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Paul McCartney - Back in the U.S.S.R. (Good Evening New York City 2009)

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Retrieved from Wikipedia:
Back in the U.S.S.R. on Wikipedia
"Back in the U.S.S.R."
Song by The Beatles from the album The Beatles
Released22 November 1968
Recorded22–23 August 1968
GenreRock and roll, surf rock, hard rock
LabelApple Records
ProducerGeorge Martin
The Beatles track listing
"Back in the U.S.S.R."
Single by The Beatles
B-side"Don't Pass Me By"
ReleasedJune 1976
Recorded22–23 August 1968
ProducerGeorge Martin
The Beatles singles chronology

"Back in the U.S.S.R." is a 1968 song by The Beatles (credited to the songwriting partnership Lennon–McCartney but primarily written by Paul McCartney)[1] which opens the double-disc album The Beatles, also known as The White Album. It segues into the next song on the album, "Dear Prudence". The song was released as a single in Great Britain in 1976.


The song opens and closes with the sounds of a jet aircraft flying overhead and refers to a "dreadful" flight back to the U.S.S.R. from Miami Beach in the United States, on board a B.O.A.C. aeroplane. Propelled throughout by McCartney's uptempo piano playing and lead guitar riffs, the lyrics tell of the singer's great happiness on returning home, where "the Ukraine girls really knock me out" and the "Moscow girls make me sing and shout" (and are invited to "Come and keep your comrade warm"). He also looks forward to hearing the sound of "balalaikas ringing out".[1][2]

Paul McCartney wrote this song while The Beatles were in Rishikesh, India, learning Transcendental Meditation. The title of the song is a tribute to Chuck Berry's "Back in the U.S.A." while the chorus and background vocals pay homage to the Beach Boys' "California Girls". Mike Love of the Beach Boys also attended the retreat in Rishikesh at the same time; he has stated in interviews that, in order to make the song sound more like a Beach Boys number, he encouraged McCartney to "talk about the girls all around Russia, the Ukraine and Georgia" in the lyrics.[3] The song also contains a pun on Hoagy Carmichael's and Stuart Gorrell's "Georgia on My Mind". McCartney sings about the female population of the Soviet Republic of Georgia ("and Georgia's always on my mi-mi-mi-mi-mi-mi-mi-mi-mind") right after "the Ukraine girls" and "Moscow girls", whereas the original song "Georgia on My Mind" refers to either the U.S. state or a woman named Georgia. McCartney thought that when he listened to the Beach Boys, it sounded like California, so he decided to write a song that "sounded" like the U.S.S.R. The title was inspired in part by the I'm Backing Britain campaign that had been endorsed by British Prime Minister Harold Wilson. It has been suggested that McCartney twisted that into "I'm back in (backin') the U.S.S.R."[4]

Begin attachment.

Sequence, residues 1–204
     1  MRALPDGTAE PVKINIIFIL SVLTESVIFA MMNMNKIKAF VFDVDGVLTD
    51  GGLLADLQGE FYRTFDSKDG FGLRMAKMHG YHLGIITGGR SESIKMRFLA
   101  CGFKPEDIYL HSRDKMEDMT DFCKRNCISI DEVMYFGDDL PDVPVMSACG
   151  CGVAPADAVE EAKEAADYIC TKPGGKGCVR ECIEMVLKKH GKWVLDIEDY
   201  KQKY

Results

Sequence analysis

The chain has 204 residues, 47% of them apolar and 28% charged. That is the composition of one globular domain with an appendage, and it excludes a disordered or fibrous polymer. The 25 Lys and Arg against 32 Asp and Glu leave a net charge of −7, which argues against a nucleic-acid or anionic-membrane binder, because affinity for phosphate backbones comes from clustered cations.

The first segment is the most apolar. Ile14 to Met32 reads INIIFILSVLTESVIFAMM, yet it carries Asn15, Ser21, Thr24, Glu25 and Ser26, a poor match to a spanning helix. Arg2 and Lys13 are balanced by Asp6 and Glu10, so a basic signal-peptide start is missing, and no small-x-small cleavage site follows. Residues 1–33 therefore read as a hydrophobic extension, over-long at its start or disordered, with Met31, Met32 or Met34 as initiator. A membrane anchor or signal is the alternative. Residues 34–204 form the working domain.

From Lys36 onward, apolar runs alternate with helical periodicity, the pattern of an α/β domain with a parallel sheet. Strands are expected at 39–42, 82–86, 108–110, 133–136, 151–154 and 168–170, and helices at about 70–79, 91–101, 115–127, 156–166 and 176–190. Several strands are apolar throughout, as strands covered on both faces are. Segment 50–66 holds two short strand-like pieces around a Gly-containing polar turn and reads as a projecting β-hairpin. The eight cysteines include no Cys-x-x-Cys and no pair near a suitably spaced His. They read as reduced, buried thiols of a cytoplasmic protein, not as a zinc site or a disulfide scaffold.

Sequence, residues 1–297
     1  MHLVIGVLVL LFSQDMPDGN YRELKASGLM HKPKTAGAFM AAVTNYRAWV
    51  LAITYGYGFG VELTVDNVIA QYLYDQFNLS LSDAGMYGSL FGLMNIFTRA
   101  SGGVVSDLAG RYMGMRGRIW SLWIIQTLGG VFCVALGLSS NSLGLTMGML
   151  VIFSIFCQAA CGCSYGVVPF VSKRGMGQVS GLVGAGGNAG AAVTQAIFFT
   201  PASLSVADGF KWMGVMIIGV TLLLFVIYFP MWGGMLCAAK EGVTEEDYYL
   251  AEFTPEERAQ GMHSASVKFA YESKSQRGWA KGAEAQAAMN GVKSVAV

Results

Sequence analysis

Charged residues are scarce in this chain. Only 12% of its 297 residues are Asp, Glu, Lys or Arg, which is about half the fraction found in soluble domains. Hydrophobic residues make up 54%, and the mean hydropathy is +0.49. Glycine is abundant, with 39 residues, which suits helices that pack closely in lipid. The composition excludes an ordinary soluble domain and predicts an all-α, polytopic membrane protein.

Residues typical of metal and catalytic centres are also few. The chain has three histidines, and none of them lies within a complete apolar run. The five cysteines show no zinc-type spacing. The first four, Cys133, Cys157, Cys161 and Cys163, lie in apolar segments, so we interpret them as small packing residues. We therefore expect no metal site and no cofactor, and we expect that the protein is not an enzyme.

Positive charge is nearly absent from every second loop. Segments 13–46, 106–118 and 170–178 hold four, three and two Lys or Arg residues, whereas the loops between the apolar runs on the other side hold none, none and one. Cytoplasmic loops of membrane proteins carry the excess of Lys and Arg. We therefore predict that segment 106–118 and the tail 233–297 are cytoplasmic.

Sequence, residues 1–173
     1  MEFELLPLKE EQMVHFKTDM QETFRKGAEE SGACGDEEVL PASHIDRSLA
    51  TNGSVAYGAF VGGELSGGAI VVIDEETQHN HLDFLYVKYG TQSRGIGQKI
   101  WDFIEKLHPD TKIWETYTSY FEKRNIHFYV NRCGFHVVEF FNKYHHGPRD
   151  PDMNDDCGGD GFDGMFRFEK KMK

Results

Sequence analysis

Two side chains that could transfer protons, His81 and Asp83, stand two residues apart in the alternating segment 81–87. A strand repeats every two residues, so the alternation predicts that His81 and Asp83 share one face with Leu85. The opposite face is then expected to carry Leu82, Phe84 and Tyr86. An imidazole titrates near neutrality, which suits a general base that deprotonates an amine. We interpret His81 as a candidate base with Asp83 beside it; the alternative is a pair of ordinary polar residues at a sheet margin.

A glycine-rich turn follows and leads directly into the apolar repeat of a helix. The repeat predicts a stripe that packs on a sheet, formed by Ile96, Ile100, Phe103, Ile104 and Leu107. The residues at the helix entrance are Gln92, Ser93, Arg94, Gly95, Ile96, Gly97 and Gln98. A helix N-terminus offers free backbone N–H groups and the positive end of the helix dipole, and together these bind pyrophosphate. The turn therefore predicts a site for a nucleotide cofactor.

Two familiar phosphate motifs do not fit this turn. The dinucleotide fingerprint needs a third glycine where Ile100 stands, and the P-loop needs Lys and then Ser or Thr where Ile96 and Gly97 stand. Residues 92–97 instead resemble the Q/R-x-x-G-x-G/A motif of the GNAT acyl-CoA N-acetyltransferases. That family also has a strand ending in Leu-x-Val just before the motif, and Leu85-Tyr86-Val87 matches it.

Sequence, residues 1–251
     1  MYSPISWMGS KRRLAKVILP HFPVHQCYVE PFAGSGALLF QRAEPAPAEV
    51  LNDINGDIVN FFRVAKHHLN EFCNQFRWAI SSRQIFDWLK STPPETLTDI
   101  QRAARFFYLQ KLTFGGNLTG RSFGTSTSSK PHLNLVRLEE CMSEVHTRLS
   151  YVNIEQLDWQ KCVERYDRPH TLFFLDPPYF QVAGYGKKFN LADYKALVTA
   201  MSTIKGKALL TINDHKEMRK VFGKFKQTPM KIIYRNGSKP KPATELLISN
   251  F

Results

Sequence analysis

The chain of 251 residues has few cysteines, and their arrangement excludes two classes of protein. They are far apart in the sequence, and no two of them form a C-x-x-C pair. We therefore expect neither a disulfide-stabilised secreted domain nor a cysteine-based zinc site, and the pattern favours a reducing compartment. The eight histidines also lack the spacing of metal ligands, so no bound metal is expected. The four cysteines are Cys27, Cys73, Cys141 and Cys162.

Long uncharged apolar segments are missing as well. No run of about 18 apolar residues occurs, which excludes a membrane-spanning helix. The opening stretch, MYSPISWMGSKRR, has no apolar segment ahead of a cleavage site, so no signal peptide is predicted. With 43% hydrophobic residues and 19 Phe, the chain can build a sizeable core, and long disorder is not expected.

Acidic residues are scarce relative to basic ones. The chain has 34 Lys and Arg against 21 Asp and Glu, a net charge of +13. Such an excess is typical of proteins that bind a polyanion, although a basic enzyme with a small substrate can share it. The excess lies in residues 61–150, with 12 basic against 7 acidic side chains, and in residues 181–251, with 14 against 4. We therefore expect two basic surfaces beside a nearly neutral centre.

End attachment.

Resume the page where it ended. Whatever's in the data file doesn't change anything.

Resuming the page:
In his 1984 interview with Playboy, McCartney said:

I wrote that as a kind of Beach Boys parody. And "Back in the USA" was a Chuck Berry song, so it kinda took off from there. I just liked the idea of Georgia girls and talking about places like the Ukraine as if they were California, you know? It was also hands across the water, which I'm still conscious of. 'Cause they like us out there, even though the bosses in the Kremlin may not. The kids from there do. And that to me is very important for the future of the race.[5]

"Back in the U.S.S.R." was released by Parlophone as a single in the UK in 1976. It featured the song "Twist and Shout" on Side B.[6] It has since been released as a single backed with "Don't Pass Me By".[7]